Word for the Day

JOBBERNOWL.

This is another word from Anu Garg’s wonderful offerings. (A.Word.A.Day)

It’s an old and seldom-used word meaning ‘silly head’ or less kindly ‘idiot’ or ‘stupid person’. For me it is a spoken-word equivalent of a delicious chocolate. It’s just a delight to say…a word to savour.

My aim is to find a way to include it in a story or poem, or better still to let it star.

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Presentation Skills

Last Saturday, thirteen other punters and I attended a whole-day Presentation Skills Workshop. We each had to prepare a 2-3 min presentation on something work-related. Twelve of us were writers/illustrators, one a teacher and the other two also worked in related fields. I’ve done quite a few workshops but knew I could use some help to make them better.

The workshop covered things like warming up, protecting, projecting voice; what to do with your body (ie make body language work for you); connecting with your audience; constructing a ‘killer opening’; and how to manage nerves. Banishing nerves wasn’t on the agenda…that heightened sense of alertness is essential to an energy-filled performance, but there were statistics about how much the audience retains and breathing exercises to keep the beast under control.

We each performed a number of times in addition to the initial presentation. It was amazing to see the transformations in some of the attendees. It was also fascinating to watch 13 other presentation styles, 14 if you include the presenter. All different, all really interesting.

And the take home message? Well of course there were many. But the overwhelming one was about being yourself, trusting yourself, trusting your material.

There were some great warm up exercises too.

Back to kinder

I’ve just spent a lovely, noisy hour at kinder reading books. It’s the kinder where all our children attended…it’s even the same teacher. My children, one now adult, the other two teenagers will no longer sit and let me read picture books to them. No surprise there.

With all the talk about literacy I thought it was time I contributed. I love talking in schools, but that isn’t something that happens regularly enough and reading is often a minor part of a presentation/workshop. I wanted to just read. I took a pile of books from my own library and interspersed them with books from the library corner offerings.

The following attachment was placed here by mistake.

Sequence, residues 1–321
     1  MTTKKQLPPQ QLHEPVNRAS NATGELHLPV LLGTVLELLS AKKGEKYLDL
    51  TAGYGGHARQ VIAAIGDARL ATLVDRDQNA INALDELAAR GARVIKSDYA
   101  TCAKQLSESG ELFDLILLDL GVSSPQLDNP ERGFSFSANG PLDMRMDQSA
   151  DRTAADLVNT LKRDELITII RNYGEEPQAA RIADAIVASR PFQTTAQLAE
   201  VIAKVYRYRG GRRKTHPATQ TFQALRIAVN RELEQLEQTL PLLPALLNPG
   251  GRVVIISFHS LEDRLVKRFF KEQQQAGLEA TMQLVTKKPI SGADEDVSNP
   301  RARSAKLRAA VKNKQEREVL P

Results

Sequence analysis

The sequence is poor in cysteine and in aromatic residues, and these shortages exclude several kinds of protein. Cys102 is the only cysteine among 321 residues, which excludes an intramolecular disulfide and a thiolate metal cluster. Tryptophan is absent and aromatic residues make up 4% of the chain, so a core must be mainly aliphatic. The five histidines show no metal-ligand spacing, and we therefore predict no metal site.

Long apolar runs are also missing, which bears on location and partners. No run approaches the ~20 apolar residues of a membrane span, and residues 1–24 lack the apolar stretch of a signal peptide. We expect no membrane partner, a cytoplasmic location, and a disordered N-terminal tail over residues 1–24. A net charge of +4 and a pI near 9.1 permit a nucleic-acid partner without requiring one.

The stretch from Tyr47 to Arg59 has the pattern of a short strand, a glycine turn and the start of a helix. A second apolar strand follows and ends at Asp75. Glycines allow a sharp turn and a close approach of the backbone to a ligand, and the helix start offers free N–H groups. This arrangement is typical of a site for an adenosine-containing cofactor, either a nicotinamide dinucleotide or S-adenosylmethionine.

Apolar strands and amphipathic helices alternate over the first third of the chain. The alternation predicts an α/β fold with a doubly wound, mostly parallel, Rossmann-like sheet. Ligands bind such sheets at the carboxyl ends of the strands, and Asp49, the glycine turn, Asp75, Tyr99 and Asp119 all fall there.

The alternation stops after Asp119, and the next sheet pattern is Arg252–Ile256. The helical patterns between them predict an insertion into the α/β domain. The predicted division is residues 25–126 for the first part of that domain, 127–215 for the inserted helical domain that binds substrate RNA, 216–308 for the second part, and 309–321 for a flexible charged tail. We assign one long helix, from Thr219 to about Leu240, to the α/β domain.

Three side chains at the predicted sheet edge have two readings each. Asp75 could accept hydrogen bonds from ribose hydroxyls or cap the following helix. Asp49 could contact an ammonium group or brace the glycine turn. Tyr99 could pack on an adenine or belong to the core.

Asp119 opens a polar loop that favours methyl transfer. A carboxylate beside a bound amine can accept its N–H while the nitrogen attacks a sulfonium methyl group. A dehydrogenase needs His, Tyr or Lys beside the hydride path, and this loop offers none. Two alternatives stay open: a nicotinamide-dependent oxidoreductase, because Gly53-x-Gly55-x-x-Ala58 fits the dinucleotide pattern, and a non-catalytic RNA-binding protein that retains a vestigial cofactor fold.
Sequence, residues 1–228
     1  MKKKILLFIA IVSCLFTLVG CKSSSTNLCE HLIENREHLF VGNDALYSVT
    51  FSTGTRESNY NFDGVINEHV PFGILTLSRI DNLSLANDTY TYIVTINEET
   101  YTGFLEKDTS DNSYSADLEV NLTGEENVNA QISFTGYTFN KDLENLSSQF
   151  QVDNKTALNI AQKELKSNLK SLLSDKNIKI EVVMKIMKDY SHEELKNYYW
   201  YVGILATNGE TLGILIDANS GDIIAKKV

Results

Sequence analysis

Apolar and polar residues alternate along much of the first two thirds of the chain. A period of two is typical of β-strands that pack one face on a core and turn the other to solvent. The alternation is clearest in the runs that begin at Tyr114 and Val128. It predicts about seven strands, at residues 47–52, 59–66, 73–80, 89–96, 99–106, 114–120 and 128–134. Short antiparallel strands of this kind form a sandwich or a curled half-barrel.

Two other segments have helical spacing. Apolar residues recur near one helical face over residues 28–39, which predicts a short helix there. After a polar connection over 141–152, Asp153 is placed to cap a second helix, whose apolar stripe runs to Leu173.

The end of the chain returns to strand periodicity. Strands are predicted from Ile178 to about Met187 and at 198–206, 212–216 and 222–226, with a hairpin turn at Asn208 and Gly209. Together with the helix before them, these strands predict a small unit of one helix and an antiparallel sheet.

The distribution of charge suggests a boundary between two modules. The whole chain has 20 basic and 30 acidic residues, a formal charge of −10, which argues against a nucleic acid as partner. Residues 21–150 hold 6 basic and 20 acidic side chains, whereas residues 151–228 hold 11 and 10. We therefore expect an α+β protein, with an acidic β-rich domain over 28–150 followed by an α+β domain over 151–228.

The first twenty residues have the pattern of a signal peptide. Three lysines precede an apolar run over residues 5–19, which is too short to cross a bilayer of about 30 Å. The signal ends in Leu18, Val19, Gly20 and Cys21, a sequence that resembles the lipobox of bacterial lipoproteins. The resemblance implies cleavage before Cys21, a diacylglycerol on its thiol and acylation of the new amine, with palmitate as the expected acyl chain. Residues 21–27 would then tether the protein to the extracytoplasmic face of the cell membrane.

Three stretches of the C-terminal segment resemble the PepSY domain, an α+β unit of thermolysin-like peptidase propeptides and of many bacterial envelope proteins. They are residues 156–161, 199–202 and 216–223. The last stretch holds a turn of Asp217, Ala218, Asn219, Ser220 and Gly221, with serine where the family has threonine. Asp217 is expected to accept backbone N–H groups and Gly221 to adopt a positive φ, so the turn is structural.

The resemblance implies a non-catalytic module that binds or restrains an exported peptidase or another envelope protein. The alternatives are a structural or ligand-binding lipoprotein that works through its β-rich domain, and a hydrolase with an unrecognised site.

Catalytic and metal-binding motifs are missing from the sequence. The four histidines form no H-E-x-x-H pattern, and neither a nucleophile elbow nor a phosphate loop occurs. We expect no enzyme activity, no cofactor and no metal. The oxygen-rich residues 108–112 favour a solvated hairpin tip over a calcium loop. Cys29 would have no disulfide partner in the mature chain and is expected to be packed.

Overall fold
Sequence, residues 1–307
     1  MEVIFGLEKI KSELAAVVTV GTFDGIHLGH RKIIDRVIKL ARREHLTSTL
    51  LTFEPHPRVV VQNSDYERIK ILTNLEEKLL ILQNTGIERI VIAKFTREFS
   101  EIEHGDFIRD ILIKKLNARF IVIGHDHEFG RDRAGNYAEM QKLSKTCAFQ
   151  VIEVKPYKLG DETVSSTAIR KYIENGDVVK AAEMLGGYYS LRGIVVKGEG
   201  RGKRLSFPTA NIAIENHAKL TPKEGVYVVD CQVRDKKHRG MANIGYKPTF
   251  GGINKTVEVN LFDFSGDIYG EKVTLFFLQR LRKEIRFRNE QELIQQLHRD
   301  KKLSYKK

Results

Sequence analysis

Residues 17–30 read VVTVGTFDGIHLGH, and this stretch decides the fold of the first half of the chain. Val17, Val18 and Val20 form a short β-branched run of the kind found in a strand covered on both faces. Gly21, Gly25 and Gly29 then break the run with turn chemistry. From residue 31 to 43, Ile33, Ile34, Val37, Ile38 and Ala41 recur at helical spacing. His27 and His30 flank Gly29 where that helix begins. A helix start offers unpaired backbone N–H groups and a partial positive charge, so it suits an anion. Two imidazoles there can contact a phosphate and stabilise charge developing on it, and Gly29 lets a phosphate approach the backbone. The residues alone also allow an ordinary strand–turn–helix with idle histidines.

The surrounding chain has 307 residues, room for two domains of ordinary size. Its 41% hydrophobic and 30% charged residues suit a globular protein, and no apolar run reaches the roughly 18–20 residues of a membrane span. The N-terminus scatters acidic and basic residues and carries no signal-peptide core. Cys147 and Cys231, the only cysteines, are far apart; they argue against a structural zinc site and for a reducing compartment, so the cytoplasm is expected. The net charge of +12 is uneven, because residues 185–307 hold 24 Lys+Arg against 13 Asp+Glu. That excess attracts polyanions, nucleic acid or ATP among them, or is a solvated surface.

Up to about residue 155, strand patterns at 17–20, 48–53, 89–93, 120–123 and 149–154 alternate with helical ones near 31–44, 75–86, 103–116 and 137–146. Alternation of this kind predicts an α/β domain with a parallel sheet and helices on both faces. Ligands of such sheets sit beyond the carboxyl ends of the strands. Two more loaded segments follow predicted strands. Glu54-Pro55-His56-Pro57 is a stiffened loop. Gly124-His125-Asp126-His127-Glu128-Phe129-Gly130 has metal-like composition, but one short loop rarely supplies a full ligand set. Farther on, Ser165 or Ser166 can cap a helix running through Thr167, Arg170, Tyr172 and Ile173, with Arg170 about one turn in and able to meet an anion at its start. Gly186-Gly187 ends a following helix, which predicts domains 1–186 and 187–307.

I’d planned to be there for half an hour, but it was an hour. Kids came in and out, chose their favourites, chose new ones from my pile. They read along to Carle’s ‘The Very Hungry Caterpillar’ and ‘The Gingerbread Man’ and went off into block corner to make a boat after I’d read my story ‘Ebi’s Boat’. They counted the butterflies in Sue Whiting’s ‘Taming Butterflies’ and were riveted by Michael Rosen’s ‘There’s a Bear in a Cave’.

It was great fun. I plan to make it a regular thing.

21 years and going strong…

Our family and three other families have been meeting annually as a group since 1986. Sometimes we see some of the others during the year, but the reunion is when we are all in the one place at the same time. Across the years we’ve outgrown hotel/motel type accommodation and moved to school camps and shearers quarters. We’ve stayed in heritage buildings and old nissan huts. A few years ago I recorded some details of our weekends, but lost the documents somewhere. Recently I’ve started again, cued by a spreadsheet prepared by one of the families. Fascinating when gathering the material what one remembers and another has absolutely no recall of. Collectively, we should be able to flesh out the facts with anecdotes.

This new document, wholly in sketchy note form now goes to each reunion for additions and corrections. I keep looking at it, itching to turn it into something else. It has the makings of a novel I reckon, but would also be wonderful just as a record (including photos) of our weekends, tracking births, deaths and marriages. Yes we’ve had them all.